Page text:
During retirement: rebel a little

Now that you’re taking better care of yourself, it’s time to have fun with it. While you’re designing an improved lifestyle for yourself you can also get a life.

It bears repeating: retirement means that you’re responsible for your own entertainment. This is especially true if you happen to have retired at a more senior rank, where you had a team devoting their efforts to meeting every one of your goals and keeping you happy. That lifestyle is over! While spouse and family are happy to have you back in their lives, they may not necessarily share your new-found joy at being the focus of all your time and attention.

Luckily you can creatively think up plenty of entertainment. You can also evaluate all of your workplace-survival tactics and decide whether they’re still necessary. For example, are you wearing a watch? Why? When you were at work or on duty it may have been necessary to coordinate your activities down to the second– but do you need to continue that? It’s a tiny step to put your watch away for a few days, but it may need a big leap of faith in yourself. At first you’ll find yourself walking around to find a clock, and you might even have a momentary panic of “I’m late!!” But for what? After a few weeks you may have stopped looking for clocks. By the end of the first year you’ll know as much about the time as you care to, but you’ll be looking for a calendar to figure out what day it is.

Do you have to make your bed every morning? That may have been important when you were experiencing reveille and inspections, but those days are over. No one is going to care about your hospital corners, and you’ll probably be back in a few hours anyway for an afternoon nap. Sure, it’d be nice to set a neat example for the kids, too, but no one has to stow for sea anymore. Maybe the younger ones would share the thrill of your retirement by not having to make their beds every morning, either. Years later you may still feel as if you’re getting away with something.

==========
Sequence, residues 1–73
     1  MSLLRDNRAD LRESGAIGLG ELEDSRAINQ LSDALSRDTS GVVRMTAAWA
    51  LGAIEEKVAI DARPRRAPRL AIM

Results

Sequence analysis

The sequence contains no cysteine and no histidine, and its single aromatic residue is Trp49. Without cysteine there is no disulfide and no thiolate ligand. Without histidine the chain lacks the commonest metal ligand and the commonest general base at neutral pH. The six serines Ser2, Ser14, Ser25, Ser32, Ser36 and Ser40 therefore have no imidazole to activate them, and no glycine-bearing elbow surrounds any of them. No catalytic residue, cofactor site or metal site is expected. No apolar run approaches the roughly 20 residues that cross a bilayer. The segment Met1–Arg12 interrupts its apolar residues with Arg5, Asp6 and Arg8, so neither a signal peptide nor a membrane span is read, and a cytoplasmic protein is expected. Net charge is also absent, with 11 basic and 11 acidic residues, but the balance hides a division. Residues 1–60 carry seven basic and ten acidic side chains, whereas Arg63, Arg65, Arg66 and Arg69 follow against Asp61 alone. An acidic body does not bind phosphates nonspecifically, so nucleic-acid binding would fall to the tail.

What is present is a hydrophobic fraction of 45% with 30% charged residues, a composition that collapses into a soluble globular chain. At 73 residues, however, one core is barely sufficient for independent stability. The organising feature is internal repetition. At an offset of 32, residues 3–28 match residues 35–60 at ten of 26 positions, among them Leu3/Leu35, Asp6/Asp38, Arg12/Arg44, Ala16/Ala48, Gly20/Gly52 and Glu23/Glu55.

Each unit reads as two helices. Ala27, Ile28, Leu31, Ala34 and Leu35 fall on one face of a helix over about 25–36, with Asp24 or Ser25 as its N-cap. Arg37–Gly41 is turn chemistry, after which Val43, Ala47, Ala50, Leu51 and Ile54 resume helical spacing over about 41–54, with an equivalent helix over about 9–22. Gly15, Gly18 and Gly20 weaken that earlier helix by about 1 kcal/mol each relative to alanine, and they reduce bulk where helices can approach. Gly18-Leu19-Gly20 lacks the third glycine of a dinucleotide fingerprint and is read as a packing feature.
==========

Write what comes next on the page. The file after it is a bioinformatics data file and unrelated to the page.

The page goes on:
Navy veterans of a certain age may remember that sad 1980s day when beards were outlawed by the uniform regulations. (Don’t worry, submariners, your secrets are safe with me.) Men felt that it was nice to shave less, beards kept faces warm during cold weather, and a few shipmates’ chins desperately needed a well-groomed coat of hair. If you’re now a retired man then what better way to remind yourself than by growing a beard, or at least a goatee and sideburns? The shock value with family and friends is priceless, and you can decide one last time if growing it is worth the itchy phase. Even if you shave it off again after a month, you can still relax your former clean-shaven standards. Shaving twice a week will keep you groomed enough and, if done regularly, it can help you remember what day of the week it is.

Speaking of hair, when was your last haircut? For at least the last two decades you’ve had little or no choice about your hair length and style– let alone its color and accessories. Once again you have a new opportunity to try new lifestyles and habits. From now on, every day your hair could be the longest it’s ever been. For some of us it may be the last chance to discover what our hair can do! If you’re a parent then few things will annoy your kids more than a pony-tail-growing contest. They’ll complain happily to their friends about the phase their parents are going through, but secretly they’ll be impressed and looking forward to their own retirement.

You get the idea, and from this point you can let your imagination run wild. Tattoos and body piercings are no longer out of the question, either, although you may still feel compelled to set an example for impressionable teens. Others may see retirement as a chance to have a tattoo or two removed without worrying about inappropriate workplace attention.

While you’re enjoying a little rebellion, remember to keep it “little”. Retirement is a fantastic opportunity to experiment with alcohol, smoking, or even riskier behavior. Family and friends don’t have to know about this research, and you don’t even have to worry about military urinalysis! But as you start this new phase of your life, the last thing you want to do is to risk your health (or your arrest record). In extreme circumstances it risks your longevity, let alone your military pension and benefits. There are hundreds of sad stories of retirees who couldn’t be responsible for their own entertainment and turned to riskier behaviors out of boredom or even fear. That’s not rebellion– that’s avoidance and defeat. You’ve looked forward to retirement for decades and you’ve prepared for months. Turn your lifestyle healthier, not more hazardous.

Related articles:
Retirement: don’t recreate your old environment
Retirement: relax, reconnect and re-engage
Lifestyles in military retirement: surfing
“But… but… but what will I DO all day?!?”

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WHAT I DO: I help you reach financial independence. For free. I retired in 2002 after 20 years in the Navy's submarine force. I wrote "The Military Guide to Financial Independence and Retirement" to share the stories of over 50 other financially independent servicemembers, veterans, and families. All of my writing revenue is donated to military-friendly charities.

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